Someone with SPD is either under-responsive or over-responsive to the sensory information their body is taking in. It can affect one sense or multiple, and can change from situation to situation. Many children can make great improvements in the way their body responds to sensory information by going through specialized therapy with a trained Occupational Therapist (OT).

What are some indicators that a child may have Sensory Processing Disorder?

Many of us have some sensory “quirks” and are not always fully regulated. Over time, we may find ways to self-regulate to get through those challenges. For example, many people doodle, twirl their hair, or chew gum to help stay focused while listening to someone speak. 

Having just a few sensory quirks does not mean you have SPD. However, when these things start to interfere with daily life and functioning, it’s time to consider additional assistance.

This Sensory Processing Disorder Checklist can serve as a starting point to determine if you or your child are experiencing difficulties. If you find yourself checking “yes” to many of these behaviors, talk with your child’s pediatrician and inquire about a referral for an Occupational Therapy evaluation. An OT who is familiar with SPD will be able to assist you in determining why these behaviors may be happening and if SPD is the reason. They will also be able to work with you and your child to develop strategies to overcome some of these challenges.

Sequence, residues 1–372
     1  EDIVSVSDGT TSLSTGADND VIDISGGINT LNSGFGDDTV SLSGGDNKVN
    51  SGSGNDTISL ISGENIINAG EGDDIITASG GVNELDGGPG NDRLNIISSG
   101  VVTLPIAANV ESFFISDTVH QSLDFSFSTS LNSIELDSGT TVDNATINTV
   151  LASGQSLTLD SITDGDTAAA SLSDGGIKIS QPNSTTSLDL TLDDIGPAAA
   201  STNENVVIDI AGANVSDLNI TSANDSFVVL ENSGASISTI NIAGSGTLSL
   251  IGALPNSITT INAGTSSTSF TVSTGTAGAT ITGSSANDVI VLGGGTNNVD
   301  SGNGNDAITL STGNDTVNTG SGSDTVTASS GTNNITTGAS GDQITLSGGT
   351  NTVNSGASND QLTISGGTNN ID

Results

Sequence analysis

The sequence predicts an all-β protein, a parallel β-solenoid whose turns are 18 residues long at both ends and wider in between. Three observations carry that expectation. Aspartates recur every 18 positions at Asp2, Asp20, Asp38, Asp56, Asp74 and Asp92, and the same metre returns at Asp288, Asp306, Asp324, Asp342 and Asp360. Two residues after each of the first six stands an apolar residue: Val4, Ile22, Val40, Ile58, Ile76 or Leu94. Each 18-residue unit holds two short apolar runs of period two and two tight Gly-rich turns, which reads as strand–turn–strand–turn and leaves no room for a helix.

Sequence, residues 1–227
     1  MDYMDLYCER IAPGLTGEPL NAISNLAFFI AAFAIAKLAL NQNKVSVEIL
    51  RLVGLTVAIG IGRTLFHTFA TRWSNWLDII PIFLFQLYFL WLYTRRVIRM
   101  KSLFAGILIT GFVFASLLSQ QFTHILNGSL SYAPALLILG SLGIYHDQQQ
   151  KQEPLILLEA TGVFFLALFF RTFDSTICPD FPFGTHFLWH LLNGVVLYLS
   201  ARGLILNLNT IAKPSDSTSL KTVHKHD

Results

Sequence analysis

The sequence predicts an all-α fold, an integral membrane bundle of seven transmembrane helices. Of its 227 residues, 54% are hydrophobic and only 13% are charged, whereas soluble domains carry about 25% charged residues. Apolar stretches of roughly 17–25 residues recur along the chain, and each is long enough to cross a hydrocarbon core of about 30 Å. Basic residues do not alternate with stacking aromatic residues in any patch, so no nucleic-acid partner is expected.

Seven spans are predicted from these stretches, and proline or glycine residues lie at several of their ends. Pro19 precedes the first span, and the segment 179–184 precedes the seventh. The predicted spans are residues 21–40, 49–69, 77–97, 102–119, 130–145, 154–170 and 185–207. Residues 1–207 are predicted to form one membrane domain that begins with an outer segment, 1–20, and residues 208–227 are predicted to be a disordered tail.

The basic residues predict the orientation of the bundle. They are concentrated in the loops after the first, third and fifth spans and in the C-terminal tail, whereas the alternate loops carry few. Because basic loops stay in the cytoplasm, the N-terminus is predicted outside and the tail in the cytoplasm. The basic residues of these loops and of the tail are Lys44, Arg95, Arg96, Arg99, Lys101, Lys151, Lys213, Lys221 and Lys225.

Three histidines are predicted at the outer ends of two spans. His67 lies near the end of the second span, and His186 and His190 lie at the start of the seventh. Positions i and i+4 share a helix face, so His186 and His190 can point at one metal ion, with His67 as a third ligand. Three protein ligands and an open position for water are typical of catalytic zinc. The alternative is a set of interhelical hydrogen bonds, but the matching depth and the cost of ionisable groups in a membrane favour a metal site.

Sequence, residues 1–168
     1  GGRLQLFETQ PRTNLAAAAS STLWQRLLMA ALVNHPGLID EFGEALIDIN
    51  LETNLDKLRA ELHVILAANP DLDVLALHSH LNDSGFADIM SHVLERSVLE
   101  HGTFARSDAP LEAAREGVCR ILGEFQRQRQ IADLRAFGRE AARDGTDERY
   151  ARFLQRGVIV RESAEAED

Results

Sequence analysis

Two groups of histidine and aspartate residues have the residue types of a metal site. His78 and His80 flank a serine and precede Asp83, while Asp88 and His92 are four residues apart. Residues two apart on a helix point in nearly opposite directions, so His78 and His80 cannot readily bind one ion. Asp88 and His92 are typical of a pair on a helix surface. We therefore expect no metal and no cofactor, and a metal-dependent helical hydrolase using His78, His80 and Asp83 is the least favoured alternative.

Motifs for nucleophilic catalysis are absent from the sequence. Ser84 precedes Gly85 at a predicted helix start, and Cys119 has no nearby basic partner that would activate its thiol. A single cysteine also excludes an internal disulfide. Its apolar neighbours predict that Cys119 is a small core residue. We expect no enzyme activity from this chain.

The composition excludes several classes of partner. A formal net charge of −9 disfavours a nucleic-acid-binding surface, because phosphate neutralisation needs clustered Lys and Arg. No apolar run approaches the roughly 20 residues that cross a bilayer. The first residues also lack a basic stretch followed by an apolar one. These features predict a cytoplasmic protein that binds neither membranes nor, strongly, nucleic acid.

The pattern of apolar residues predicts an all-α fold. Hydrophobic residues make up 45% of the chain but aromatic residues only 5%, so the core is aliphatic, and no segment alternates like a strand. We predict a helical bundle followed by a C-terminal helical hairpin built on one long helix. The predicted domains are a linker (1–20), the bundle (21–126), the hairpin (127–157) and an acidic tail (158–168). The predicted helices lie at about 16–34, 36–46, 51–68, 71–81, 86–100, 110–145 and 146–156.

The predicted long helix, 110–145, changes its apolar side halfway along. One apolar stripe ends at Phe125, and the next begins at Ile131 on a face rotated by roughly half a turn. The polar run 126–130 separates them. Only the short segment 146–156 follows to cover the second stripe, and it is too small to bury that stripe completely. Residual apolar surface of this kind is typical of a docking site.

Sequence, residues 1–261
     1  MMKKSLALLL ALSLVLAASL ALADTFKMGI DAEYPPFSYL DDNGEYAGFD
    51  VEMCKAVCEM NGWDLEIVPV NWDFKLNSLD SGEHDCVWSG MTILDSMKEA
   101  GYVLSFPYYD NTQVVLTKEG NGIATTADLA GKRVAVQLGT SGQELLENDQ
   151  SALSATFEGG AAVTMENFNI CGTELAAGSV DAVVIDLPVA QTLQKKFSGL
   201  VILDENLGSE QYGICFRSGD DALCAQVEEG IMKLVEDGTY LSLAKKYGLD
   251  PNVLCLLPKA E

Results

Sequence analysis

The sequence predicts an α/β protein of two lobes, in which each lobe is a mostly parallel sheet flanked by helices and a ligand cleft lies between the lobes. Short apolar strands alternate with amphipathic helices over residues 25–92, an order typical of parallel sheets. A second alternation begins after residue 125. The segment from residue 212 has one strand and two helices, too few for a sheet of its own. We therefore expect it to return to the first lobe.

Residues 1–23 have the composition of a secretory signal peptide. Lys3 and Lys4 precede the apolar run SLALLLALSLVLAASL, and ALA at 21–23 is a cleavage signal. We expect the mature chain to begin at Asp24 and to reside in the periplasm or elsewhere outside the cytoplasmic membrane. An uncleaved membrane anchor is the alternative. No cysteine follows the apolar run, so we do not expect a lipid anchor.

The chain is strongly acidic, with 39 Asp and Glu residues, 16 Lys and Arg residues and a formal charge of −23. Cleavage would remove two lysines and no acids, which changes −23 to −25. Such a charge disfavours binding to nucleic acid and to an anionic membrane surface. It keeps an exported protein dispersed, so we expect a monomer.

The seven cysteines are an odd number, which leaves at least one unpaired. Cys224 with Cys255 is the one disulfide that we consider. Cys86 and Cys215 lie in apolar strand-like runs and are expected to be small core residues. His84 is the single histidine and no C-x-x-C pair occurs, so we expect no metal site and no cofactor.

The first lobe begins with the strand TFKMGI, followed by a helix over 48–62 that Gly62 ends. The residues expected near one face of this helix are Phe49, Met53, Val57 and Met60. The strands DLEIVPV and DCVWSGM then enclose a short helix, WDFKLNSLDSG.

What does an Occupational Therapist do, especially in regard to Sensory Processing Disorders?

An Occupational Therapist (OT) wears many hats. It’s my job to help assist each child to regulate and deal with the sensory information they’re taking in throughout the day, so they can function at their greatest potential. Since I work in a school setting, I especially support my students to function within their classroom, as well as at lunch, recess, and gym.